• Set \delta(z(v,c), 0) := \{z(v + 1,c)\}$\delta(z(v,c), 0) := \{z(v + 1,c)\}$ if \psi(v + 1) = 0$\psi(v + 1) = 0$.
• Set \delta(z(v,c), 1) := \{z(v + 1,c)\}$\delta(z(v,c), 1) := \{z(v + 1,c)\}$ if \psi(v + 1) = 1$\psi(v + 1) = 1$.
• Set \delta(z(v,c), 0) := \{z(v + 1,c)\}$\delta(z(v,c), 0) := \{z(v + 1,c)\}$ and \delta(z(v,c), 1) := \{z(v + 1,c)\}$\delta(z(v,c), 1) := \{z(v + 1,c)\}$ if \psi(v + 1) = *$\psi(v + 1) = *$.
• Mark all states with v = 0$v = 0$ as initial: S := \{z(0, c) : 1 \le c \le k\}$S := \{z(0, c) : 1 \le c \le k\}$.
• Mark all states with v = n$v = n$ as final: E := \{z(n, c) : 1 \le c \le k\}$E := \{z(n, c) : 1 \le c \le k\}$.

By construction, M$M$ will accept any variable assignment a_1,\dots,a_n \in \Sigma^n$a_1,\dots,a_n \in \Sigma^n$ where f(a_1, \dots, a_n) = 0$f(a_1, \dots, a_n) = 0$. As \varphi$\varphi$ has exactly 2^n$2^n$ variable assignments, it is satisfiable if and only if the set of accepted variable assignments L(M)$L(M)$ has at most m := 2^n - 1$m := 2^n - 1$ elements.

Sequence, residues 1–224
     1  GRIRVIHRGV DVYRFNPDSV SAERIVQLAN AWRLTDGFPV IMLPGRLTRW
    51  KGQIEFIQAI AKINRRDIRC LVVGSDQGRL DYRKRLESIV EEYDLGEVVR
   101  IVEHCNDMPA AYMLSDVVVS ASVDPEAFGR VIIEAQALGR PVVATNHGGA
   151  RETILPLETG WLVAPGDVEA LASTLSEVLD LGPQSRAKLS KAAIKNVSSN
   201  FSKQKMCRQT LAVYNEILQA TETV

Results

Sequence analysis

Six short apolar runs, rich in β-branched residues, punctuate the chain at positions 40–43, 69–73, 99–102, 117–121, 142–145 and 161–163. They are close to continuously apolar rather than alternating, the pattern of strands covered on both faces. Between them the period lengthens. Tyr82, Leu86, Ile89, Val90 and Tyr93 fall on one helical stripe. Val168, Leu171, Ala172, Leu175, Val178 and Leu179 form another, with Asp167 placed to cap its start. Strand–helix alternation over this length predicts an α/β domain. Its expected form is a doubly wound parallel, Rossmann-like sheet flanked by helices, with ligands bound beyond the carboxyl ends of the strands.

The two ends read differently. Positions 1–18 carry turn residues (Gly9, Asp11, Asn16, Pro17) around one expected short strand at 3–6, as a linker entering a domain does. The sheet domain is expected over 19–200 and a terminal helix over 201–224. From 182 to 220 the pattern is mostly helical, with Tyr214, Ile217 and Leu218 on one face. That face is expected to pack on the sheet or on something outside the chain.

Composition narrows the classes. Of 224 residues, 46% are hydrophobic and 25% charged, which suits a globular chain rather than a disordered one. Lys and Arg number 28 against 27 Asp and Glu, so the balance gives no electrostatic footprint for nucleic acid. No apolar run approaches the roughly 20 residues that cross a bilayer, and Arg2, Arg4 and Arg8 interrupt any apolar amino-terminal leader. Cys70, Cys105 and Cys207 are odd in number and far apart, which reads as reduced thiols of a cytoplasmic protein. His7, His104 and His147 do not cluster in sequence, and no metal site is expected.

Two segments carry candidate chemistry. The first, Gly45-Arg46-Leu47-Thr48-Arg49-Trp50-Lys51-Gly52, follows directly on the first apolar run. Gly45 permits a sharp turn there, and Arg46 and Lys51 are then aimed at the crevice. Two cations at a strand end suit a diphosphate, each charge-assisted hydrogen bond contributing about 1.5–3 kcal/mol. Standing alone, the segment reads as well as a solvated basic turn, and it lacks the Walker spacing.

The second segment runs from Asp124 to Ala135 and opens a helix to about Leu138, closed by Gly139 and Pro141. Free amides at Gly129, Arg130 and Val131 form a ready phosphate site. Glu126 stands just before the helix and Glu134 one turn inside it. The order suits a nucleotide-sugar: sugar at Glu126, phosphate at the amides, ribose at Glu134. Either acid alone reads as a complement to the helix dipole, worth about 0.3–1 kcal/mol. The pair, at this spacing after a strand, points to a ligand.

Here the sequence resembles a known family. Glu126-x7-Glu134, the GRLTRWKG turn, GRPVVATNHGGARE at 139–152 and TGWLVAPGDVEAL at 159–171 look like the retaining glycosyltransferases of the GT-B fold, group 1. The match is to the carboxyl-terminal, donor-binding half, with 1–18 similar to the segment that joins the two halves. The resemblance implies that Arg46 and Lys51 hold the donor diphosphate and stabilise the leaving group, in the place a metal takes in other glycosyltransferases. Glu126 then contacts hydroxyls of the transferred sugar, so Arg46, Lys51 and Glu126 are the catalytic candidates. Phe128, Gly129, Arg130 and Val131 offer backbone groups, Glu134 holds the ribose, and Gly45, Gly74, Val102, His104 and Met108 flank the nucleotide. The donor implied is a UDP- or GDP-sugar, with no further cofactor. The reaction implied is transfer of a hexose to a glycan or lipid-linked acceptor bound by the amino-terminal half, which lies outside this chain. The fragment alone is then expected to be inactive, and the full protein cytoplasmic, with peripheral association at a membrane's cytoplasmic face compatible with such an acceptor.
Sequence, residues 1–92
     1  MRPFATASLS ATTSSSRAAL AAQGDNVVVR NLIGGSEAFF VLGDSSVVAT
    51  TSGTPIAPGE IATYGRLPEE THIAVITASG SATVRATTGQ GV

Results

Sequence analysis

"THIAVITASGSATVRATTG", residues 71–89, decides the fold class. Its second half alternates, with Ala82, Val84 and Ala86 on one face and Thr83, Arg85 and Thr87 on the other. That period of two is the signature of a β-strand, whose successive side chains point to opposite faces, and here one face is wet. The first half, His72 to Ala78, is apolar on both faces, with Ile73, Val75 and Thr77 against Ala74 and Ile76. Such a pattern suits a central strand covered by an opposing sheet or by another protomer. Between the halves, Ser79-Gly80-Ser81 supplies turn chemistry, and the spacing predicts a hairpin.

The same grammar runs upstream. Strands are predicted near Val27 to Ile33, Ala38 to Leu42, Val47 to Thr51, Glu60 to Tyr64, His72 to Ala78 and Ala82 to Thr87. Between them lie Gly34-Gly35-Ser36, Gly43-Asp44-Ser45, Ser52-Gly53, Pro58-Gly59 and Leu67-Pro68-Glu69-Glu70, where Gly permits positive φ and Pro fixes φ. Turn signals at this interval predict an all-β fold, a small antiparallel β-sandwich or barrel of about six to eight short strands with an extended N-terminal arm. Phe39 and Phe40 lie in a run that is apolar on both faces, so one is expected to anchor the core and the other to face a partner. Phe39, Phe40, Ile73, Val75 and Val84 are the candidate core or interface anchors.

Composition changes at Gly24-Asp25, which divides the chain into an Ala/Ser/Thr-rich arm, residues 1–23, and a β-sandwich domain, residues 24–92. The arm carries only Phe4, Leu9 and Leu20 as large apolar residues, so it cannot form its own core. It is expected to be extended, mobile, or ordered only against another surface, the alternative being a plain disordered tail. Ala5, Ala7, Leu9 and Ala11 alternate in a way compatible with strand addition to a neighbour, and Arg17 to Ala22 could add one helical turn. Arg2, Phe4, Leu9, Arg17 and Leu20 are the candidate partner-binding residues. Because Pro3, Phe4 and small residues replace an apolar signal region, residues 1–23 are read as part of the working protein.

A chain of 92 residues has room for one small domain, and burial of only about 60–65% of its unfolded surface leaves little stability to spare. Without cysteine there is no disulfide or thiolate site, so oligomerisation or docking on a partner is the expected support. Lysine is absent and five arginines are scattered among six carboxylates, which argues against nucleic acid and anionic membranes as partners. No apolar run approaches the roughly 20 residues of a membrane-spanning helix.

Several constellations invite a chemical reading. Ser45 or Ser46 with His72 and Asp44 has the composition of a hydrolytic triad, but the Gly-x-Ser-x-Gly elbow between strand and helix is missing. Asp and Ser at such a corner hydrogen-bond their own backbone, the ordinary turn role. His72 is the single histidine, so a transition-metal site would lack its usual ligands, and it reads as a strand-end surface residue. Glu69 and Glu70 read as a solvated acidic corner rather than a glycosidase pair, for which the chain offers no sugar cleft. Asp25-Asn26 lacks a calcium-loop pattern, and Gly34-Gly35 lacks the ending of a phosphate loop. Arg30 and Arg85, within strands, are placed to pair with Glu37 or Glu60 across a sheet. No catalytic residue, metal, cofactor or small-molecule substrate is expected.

This reduction can clearly be done in polynomial time.

Intuition & Example

Consider the following function:

\varphi := (\bar{c} + d)(\bar{a} + c + \bar{d})(\bar{a} + \bar{b} + d)

The cubes that describe variable assignments where \varphi$\varphi$ is false are **10, 1*01 and 11*0 (variable order: a, b, c, d$a, b, c, d$). These three cubes make the first, second and the third clauses false, respectively.

We can visualize all the possible variable assignments with a 4-dimensional cube (as \varphi$\varphi$ has 4 variables):

In this cube, every edge connects assignments that differ in exactly one bit (i.e. hamming distance = 1). Any lower dimensional cubes that are subgraphs of this cube are implicants if the vertices in the subgraph cover only assignments where the function is true. If a lower dimensional cube isn’t a part of some higher dimensional cube that still covers only assignments where the function is true, such a cube is a prime implicant. In this case, if we think of CNF-clauses as implicants of the negated function, then we can visualize them the following way: